The CRTC has approved a stay request from incumbent telecoms asking the regulator not to enforce its Aug. 2019 decision lowering wholesale high-speed access rates. The commission approved requests by Bell Canada and Cogeco, Eastlink, RCCI, Shaw, and Videotron to stay the implementation of Telecom Order 2019-288, until the commission completes its review of that order.
The CRTC’s first-ever Secret Shopper Project shows one in five “perceived that they may have faced misleading or aggressive sales practices.” The report also indicates that misleading or aggressive sales practices happen at a higher rate for vulnerable individuals, like those with disabilities or whose first language is neither English nor French. The report also found that while certain companies, like Rogers and Bell, advertise their ability to accommodate deaf shoppers with sign language interpreters during the sales interaction, in reality the process proved to be prohibitively difficult for the secret shopper who tried to access the accommodation. Female shoppers were also more likely to face persistent efforts from salespeople to overcome their objections. The secret shopper project comes on the heels of the CRTC’s 2019 Report on Misleading or Aggressive Communications Retail Sales Practices.
Videotron has asked the Competition Bureau to investigate practices it says Bell is engaging in to slow down or block access to its support structures (telephone poles) with systematic delays or by neglecting to process requests for access. Videotron says its application to the federal agency provides multiple documented examples of the telecom giant’s “stratagems to limit competition.” In some cases, it alleges it’s taken Bell more than two-and-a-half years to process a request for access to a single pole. Videotron submitted more than 1,400 access requests in 2019 alone and says the delays are causing considerable harm to the affected communities. It’s filed a lawsuit for damages in Superior Court seeking compensation for estimated losses of over $12 million “as a result of Bell’s obstructionist manoeuvres.”
Rogers has unveiled a $3 billion investment proposal to benefit Quebec, should it be successful in its bid to acquire Cogeco’s Canadian assets. Rogers new plans would include: investing $3 billion in Quebec over the next five years, including $1.5 billion in network investments; ensuring 5,000 jobs in Quebec for a combined Rogers/Cogeco entity; maintaining Cogeco’s headquarters in Montreal with a Quebec President leading its business in Quebec; maintaining the Cogeco brand in Quebec; and continuing relationships with local suppliers and contractors. Rogers also says it would also establish a tech innovation hub in the province that would create 300 jobs and act as a Centre of Excellence in artificial intelligence, software engineering and digital technology, as well as build on Cogeco’s rural expansion commitments to reach an additional 100,000 households, among other community partnerships and event sponsorships. Additionally, it pledged to establish a French-language training fund for Rogers employees outside Quebec.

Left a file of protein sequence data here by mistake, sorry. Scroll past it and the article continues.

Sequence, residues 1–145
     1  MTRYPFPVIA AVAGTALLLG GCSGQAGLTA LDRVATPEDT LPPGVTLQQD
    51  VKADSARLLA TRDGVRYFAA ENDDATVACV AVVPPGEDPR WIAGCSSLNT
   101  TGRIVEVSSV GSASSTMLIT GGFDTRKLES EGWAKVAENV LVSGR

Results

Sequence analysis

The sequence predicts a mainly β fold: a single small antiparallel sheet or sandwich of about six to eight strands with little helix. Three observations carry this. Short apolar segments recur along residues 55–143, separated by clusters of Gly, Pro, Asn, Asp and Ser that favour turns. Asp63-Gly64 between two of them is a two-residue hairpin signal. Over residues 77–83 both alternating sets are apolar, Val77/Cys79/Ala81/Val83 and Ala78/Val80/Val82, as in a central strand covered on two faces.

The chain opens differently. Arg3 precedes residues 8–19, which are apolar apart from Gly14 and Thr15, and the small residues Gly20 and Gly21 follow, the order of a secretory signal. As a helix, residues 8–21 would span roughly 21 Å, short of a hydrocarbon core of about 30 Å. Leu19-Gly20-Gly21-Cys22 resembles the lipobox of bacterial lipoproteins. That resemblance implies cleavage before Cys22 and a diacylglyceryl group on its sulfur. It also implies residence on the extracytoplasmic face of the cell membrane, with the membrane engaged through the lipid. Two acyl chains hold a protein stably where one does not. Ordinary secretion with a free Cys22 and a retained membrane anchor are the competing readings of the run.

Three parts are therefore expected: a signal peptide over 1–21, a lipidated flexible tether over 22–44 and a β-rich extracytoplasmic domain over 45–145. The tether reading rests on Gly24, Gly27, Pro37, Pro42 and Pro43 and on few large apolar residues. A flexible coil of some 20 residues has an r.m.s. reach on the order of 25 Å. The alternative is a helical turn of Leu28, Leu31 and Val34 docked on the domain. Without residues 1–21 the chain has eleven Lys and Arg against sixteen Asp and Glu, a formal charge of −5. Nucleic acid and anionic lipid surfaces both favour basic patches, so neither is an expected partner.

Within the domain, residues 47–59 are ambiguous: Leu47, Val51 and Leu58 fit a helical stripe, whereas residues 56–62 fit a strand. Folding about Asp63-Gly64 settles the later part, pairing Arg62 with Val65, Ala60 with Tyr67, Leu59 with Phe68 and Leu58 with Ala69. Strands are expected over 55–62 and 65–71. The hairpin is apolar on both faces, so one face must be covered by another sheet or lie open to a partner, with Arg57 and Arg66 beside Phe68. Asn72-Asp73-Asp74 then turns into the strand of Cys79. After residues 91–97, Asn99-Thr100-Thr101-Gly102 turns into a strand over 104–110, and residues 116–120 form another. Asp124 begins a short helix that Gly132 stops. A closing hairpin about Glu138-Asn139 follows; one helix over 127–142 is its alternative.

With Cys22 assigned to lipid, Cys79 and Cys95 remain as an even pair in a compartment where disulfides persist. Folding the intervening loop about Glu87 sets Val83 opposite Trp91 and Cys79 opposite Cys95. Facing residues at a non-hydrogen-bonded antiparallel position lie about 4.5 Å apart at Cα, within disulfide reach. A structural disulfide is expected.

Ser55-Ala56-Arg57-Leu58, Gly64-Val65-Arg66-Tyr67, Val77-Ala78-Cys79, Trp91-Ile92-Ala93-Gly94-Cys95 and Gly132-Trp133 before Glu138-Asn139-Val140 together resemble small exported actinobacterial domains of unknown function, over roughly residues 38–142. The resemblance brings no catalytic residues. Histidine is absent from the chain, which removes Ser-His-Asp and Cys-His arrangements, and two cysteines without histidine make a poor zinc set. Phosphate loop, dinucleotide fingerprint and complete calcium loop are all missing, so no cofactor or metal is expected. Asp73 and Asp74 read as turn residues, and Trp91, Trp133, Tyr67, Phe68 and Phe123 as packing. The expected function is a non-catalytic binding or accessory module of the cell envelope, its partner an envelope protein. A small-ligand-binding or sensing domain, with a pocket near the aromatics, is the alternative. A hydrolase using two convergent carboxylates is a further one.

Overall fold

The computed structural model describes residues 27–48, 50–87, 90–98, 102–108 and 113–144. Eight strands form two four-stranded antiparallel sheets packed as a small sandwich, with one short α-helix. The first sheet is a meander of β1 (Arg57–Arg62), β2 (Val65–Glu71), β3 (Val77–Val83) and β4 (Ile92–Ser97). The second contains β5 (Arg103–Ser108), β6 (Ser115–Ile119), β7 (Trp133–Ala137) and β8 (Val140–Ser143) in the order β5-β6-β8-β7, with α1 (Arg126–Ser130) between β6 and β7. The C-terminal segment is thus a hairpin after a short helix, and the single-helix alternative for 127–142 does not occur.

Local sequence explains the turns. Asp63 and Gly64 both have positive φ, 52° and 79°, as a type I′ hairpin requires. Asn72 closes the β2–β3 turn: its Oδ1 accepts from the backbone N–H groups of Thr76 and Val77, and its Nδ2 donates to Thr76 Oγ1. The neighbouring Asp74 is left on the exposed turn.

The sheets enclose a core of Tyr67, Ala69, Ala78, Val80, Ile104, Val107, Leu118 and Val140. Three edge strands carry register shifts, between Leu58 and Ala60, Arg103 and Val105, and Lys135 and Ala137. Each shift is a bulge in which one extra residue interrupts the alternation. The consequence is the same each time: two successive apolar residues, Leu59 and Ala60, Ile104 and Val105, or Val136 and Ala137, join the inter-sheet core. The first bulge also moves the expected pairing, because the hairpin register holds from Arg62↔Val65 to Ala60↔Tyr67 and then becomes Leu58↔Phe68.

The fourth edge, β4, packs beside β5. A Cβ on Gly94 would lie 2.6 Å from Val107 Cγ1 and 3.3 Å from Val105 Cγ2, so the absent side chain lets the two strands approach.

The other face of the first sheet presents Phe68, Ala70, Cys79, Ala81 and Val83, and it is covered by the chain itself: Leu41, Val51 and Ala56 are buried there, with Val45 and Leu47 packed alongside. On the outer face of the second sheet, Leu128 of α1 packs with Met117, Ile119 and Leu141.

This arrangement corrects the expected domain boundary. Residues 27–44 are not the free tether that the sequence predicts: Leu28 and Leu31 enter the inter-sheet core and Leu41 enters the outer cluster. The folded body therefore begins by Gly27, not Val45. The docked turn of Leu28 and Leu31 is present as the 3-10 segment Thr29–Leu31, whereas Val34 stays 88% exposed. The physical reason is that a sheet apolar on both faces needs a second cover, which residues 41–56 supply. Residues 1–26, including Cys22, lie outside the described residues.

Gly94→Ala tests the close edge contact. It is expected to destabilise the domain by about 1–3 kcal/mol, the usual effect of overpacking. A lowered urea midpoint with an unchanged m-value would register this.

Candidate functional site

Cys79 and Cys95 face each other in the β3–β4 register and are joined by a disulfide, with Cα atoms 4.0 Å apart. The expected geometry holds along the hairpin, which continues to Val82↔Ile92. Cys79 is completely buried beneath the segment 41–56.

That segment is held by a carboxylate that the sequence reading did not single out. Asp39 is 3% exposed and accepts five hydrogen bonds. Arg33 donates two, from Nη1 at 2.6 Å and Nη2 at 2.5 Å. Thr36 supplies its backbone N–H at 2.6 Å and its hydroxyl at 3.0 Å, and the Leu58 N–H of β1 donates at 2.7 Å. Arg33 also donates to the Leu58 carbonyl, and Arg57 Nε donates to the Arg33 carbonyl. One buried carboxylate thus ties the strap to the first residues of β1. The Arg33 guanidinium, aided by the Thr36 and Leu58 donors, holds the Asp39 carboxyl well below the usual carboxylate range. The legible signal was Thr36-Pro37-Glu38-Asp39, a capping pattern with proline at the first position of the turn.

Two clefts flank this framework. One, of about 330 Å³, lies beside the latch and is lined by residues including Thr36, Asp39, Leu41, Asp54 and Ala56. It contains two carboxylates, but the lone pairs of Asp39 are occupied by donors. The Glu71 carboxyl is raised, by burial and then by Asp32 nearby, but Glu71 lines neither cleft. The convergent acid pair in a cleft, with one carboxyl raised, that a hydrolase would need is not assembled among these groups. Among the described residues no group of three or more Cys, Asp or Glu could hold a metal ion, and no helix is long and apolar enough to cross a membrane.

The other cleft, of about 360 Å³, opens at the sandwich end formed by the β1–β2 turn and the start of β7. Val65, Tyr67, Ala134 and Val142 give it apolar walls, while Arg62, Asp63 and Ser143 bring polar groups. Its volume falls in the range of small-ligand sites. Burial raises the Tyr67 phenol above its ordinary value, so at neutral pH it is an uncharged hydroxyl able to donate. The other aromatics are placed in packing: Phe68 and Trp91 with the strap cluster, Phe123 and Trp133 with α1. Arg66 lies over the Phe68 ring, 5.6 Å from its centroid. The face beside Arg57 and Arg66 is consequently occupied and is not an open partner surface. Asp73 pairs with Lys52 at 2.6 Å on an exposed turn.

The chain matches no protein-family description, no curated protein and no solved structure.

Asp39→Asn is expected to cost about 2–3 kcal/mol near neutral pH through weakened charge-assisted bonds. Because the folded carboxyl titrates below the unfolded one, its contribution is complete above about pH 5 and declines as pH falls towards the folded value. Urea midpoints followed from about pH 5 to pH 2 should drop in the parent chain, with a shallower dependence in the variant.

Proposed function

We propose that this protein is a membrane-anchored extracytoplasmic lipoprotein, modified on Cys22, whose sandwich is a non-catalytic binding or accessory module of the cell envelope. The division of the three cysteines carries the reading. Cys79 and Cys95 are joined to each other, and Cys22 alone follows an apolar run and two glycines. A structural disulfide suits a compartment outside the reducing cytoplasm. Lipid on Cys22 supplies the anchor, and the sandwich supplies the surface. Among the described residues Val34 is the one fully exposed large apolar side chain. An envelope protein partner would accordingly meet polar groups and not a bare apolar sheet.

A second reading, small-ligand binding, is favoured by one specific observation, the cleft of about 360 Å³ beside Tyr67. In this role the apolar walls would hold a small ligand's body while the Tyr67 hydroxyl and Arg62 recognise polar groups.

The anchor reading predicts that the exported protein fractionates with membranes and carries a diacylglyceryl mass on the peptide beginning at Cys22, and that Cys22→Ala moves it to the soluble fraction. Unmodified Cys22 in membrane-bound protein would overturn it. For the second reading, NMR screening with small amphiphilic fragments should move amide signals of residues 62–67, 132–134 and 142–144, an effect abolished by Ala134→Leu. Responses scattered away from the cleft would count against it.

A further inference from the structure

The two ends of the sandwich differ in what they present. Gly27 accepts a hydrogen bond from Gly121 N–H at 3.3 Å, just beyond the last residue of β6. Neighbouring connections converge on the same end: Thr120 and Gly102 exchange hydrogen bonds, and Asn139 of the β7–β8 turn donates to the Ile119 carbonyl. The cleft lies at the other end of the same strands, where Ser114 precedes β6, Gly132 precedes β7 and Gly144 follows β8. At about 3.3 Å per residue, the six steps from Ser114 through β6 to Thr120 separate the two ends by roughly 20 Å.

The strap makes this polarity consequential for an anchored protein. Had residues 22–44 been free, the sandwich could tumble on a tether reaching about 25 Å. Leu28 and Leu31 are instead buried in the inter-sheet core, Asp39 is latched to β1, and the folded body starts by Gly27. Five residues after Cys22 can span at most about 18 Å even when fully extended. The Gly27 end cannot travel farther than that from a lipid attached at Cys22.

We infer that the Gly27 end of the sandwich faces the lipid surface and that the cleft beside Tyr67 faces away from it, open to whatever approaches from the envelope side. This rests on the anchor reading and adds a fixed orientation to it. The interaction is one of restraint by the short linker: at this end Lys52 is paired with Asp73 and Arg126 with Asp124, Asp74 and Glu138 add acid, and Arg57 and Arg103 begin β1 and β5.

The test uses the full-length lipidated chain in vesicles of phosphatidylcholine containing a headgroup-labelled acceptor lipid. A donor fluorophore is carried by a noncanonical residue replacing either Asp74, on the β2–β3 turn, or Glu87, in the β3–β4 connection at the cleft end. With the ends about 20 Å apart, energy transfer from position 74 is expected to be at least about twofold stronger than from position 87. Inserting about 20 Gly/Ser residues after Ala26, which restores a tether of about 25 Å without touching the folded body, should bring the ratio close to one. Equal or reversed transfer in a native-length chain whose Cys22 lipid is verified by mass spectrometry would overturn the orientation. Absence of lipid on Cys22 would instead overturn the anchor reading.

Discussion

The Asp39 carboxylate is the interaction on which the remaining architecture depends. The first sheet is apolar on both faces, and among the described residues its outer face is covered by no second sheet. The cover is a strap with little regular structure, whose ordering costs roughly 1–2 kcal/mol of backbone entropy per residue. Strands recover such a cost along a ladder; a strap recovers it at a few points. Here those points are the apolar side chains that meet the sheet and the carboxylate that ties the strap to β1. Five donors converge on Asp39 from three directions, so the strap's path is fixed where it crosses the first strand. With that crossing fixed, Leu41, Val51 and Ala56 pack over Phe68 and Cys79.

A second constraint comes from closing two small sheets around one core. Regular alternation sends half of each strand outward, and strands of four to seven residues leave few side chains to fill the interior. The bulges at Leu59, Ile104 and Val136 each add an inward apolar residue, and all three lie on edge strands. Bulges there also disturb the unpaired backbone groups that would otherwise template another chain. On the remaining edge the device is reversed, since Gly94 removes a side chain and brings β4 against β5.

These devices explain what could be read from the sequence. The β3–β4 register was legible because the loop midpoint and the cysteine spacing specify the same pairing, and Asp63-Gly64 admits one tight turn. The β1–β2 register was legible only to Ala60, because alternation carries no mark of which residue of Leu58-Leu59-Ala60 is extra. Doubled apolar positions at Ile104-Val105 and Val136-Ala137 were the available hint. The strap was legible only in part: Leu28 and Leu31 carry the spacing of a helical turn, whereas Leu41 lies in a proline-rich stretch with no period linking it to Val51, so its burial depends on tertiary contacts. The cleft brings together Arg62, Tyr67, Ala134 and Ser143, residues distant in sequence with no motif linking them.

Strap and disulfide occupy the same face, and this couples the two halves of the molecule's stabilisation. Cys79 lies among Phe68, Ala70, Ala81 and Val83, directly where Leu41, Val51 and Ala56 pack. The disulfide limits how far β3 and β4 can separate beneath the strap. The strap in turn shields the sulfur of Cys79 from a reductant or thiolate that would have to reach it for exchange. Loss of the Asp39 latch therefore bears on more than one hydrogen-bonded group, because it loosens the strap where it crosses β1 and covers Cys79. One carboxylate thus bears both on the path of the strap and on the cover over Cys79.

Rogers has announced the launch of Team Rogers Community Draft, a nationwide program aimed at helping Canadian youth return to playing recreational sports, when and where it’s safe to do so. Recognizing that organized sports may look a little different than usual this season, the program invites families across Canada with children ages 5-17 who play – or want to play – organized youth hockey, baseball, or tennis to apply to be drafted to Team Rogers. Starting with hockey this fall, “drafted” youth athletes will receive $150 to help offset league fees, plus mentoring calls with professional athletes. Applicant selection will be through random draw, with the NHL to select 150 BIPOC boys and girls playing hockey in Canada to also take part in the program. Professional athletes on Team Rogers include Connor McDavid (Edmonton Oilers), John Tavares (Toronto Maple Leafs), Bo Horvat (Vancouver Canucks), Mark Scheifele (Winnipeg Jets), Marie-Philip Poulin (Team Canada Hockey), Bianca Andreescu (Tennis Canada), Felix Auger-Aliassime (Tennis Canada), and Bo Bichette (Toronto Blue Jays).
Stingray commercial services division, Stingray Business, has signed an agreement with California-based Space Factory Media to represent Stingray products and services for in-store music, digital experiences and AI-driven consumer insights for brands and businesses. Stingray Business already provides licensed background music and digital display in 125,000 commercial locations globally. Space Factory will deliver business planning, market development, strategic sales, and mergers & acquisitions support to aid Stingray’s entry into the commercial background music and in-store media business in the U.S. The deal also includes representation of Toronto’s Chatter Research, acquired by Stingray earlier this year, which uses proprietary AI-driven customer insight solutions to collect customer feedback and other data. Read more here.
CBC/Radio-Canada and the Canadian Journalism Foundation (CJF) have announced two new fellowships for Black journalists: the CJF-CBC/Radio-Canada Black Journalism Fellowship (open to all genders), and the CJF-CBC/Radio-Canada Black Women’s Journalism Fellowship. The fellowships will provide unique opportunities for early-career Black journalists (with one to 10 years’ experience) to be hosted by a CBC News or Radio-Canada Info newsroom. Over a six-month period, fellows will receive mentoring and training in video and audio editing, writing, research, and investigative reporting. Each fellow will receive a full-time stipend. Applications for both new fellowships will open on Jan. 18. The new fellowships are modelled on the CJF-CBC Indigenous Journalism Fellowships program, which has helped foster the careers of 11 journalists since 2014.